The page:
So it is a wet Sunday and we have had to retreat indoors. Mrs. Parish has disappeared to her sewing room and is busy making things for Christmas presents. I have been doing some rainy day jobs and clearing up heaps of stuff that have been left in the “to do, sometime” pile. It gave me a chance to reflect on yet another interesting week here in France.

The week started with some excitement. On Monday I was expecting a visit from an old school friend, Clive Garrish (known to us as ‘Enry). Enry left Britain soon after we left school some 47 years and he went via Australia to New Zealand where he now lives. He let me know that he was coming to France to stay with his cousin who lives near Avranches in Normandy and we arranged for him to visit. I had last seen him around 10 years ago. I was expecting him to arrive for lunch but at around 11am I got a text message to say he had an accident and in his hire car had hit a French car head on. Both cars were write offs. But the car he had hit was being driven by the local Mayor, where his cousin lived.

On reflection, I should not be surprised as Enry was always accident prone, but fancy hitting the local mayor, who fortunately seems to be OK. Not so Enry who managed to break his breast bone so spent a long afternoon at Avranches hospital having tests. He then had to rest before flying back to New Zealand a couple of days later. It also turns out that New Zealand like the UK drives on the left hand side of the road and Enry had forgotten that France drives on the right!!  So we didn’t get to meet up after all and I suggested that next time he comes I pick him up at the airport. For now France can sleep safely!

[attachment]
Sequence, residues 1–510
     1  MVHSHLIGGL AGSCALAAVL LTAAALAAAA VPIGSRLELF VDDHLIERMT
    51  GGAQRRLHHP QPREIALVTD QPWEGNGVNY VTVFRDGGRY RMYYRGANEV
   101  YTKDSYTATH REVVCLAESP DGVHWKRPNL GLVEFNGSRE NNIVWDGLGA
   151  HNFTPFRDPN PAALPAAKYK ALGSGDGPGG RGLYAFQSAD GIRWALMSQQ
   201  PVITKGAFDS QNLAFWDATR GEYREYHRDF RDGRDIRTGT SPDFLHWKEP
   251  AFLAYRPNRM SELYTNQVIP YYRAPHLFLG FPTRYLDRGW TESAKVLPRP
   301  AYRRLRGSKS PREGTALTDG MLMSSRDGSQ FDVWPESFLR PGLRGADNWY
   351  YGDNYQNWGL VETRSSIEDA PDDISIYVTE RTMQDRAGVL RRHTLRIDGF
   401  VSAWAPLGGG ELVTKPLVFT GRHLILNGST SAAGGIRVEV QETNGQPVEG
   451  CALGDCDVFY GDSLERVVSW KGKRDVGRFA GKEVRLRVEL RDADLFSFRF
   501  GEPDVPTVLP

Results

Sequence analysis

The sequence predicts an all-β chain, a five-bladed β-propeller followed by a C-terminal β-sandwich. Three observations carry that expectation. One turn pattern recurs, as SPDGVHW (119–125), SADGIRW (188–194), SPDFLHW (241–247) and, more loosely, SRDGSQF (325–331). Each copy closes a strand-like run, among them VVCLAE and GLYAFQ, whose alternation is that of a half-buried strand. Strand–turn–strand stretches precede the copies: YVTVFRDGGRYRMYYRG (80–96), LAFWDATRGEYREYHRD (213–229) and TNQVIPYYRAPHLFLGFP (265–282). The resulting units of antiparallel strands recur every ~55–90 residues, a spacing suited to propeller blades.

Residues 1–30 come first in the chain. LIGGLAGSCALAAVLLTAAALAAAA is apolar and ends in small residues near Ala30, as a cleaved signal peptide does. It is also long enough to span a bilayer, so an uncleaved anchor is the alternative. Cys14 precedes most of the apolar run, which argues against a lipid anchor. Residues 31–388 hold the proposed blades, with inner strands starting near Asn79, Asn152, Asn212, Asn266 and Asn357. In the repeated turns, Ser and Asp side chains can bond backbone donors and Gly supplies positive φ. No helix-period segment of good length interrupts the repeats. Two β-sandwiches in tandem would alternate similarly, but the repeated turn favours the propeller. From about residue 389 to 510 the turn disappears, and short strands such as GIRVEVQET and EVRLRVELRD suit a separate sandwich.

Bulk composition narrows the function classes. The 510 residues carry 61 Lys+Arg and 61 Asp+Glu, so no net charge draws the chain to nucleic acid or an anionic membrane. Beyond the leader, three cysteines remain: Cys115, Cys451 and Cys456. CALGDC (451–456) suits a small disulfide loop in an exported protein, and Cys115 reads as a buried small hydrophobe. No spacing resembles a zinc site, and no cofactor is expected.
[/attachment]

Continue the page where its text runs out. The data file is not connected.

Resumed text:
So the week started off in a strange way and then a couple of days later I hear that Bob Dylan has been awarded the Nobel Prize for Literature despite being a singer/song writer. As a great Dylan fan I was obviously delighted. However it may just throw up some problems. Regular readers of the blog will know that we have had a long running war with the local moles and that one of my major weapons was me singing bob Dylan songs to the moles while I passed over with the tractor mower. This acted as a deterrent and the sound of my singing sent them running. My worry is that in winning the Nobel Prize Dylan may now have become acceptable and part of the establishment. If the moles find out they may be less in awe of my Dylan repertoire even allowing for my awful singing.

Bob Dylan as drawn by the amazing Amy Parish